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I have a database class, which manages all my mysql connections for my application.

I'm having to (belatedly) implement Memcache, for a number of reasons. I've started to figure it out but want to confirm one thing.

I was hoping to make amendments to class with defaults on timeout. It sees if it's in memcache, if not - make the query and store it.

However, it appears as though you can't store mysqli results (via this question). Does that mean you can't use any code in the application which says $db->fetch_assoc() or any other general object uses?

If so, does this mean we're talking ground up code change across the board? I want to confirm before I put my head in my hands.

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Well you can store an object (e.g.: stdClass) containing your results but you can't store the mysqli_result object. Also be careful when using caching. Don't overdo it, otherwise it renders it useless. –  netcoder Jun 20 '12 at 17:23

3 Answers 3

up vote 5 down vote accepted

You cannot store the result object, no, but you can fetch all rows into an array and store that array. If you need refactoring of your in other places depends on how you've written your code and how well you've abstracted database access earlier.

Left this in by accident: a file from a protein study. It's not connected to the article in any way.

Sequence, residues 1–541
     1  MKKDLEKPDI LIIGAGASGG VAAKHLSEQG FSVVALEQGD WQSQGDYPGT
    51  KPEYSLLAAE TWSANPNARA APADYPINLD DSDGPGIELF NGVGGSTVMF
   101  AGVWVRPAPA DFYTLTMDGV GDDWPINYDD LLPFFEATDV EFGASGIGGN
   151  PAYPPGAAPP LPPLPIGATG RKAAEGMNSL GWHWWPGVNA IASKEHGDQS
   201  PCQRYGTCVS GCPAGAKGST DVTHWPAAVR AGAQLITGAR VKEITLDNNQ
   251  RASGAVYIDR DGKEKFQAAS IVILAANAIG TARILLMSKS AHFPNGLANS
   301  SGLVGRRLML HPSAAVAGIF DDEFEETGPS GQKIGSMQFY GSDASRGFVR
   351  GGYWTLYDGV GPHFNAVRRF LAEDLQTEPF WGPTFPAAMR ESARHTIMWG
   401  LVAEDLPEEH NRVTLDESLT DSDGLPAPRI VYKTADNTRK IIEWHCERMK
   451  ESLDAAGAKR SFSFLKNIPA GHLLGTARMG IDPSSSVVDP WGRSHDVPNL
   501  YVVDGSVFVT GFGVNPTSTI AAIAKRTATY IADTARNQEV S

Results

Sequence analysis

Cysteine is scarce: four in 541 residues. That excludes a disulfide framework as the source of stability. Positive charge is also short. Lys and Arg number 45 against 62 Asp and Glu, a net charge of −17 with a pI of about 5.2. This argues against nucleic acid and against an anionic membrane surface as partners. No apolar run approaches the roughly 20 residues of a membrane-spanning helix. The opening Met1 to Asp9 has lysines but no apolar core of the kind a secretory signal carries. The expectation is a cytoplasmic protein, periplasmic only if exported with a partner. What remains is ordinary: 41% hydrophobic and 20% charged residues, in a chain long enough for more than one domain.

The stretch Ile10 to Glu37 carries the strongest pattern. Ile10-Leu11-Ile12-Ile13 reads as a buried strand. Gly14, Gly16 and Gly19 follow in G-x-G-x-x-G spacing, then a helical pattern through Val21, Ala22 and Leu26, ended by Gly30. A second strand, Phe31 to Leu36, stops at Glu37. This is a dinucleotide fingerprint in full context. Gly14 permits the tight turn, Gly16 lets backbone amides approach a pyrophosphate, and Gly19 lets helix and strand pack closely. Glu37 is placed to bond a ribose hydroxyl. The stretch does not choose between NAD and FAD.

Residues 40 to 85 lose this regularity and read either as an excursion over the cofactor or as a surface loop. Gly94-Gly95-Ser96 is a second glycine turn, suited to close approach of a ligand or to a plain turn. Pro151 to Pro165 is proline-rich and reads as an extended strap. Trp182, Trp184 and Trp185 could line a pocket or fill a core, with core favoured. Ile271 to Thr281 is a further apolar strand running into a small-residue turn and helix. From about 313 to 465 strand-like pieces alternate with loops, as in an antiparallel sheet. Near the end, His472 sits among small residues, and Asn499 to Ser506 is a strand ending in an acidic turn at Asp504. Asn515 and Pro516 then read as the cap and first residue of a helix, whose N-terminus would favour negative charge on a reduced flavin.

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You cannot store anything that relies on a resource in memcache.

Resources are dropped when a page ends, memcached or not. Your mysqli result is an object but relies on a resource to work with. It provides a clean OOP method to browse the resource and that object probably could be stored in memcache but the resource identifier will be dropped when the page ends...

The only way to store mysql(i) data in memcache is to loop it and put it into an array, scalar data or object data doesn't change anything and store that array of data, not the mysqli result.

Good luck

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Memcache stores strings, not structures. You have to be able to serialize the structures out as strings to store them and and unserialize them back into structures to retrieve them.

This is simpler than it sounds, since PHP provides a set of functions to do this. See: http://php.net/manual/en/function.serialize.php

However, as a rule, when you're caching results, you always want to perform as much processing, filtering, and other manipulation on your results as you can BEFORE you cache them, that way when you retrieve the data from the cache, you don't have to always repeat the same processing steps immediately afterward.

Also bear in mind that MySQL already has a built-in query cache. If all you're doing is blindly storing query results based on the query string, then you're just duplicating functionality. If you want a significant performance boost, you need to "add value" somewhere, leveraging the knowledge you have about your application to cache application objects at a higher level than just database query results.

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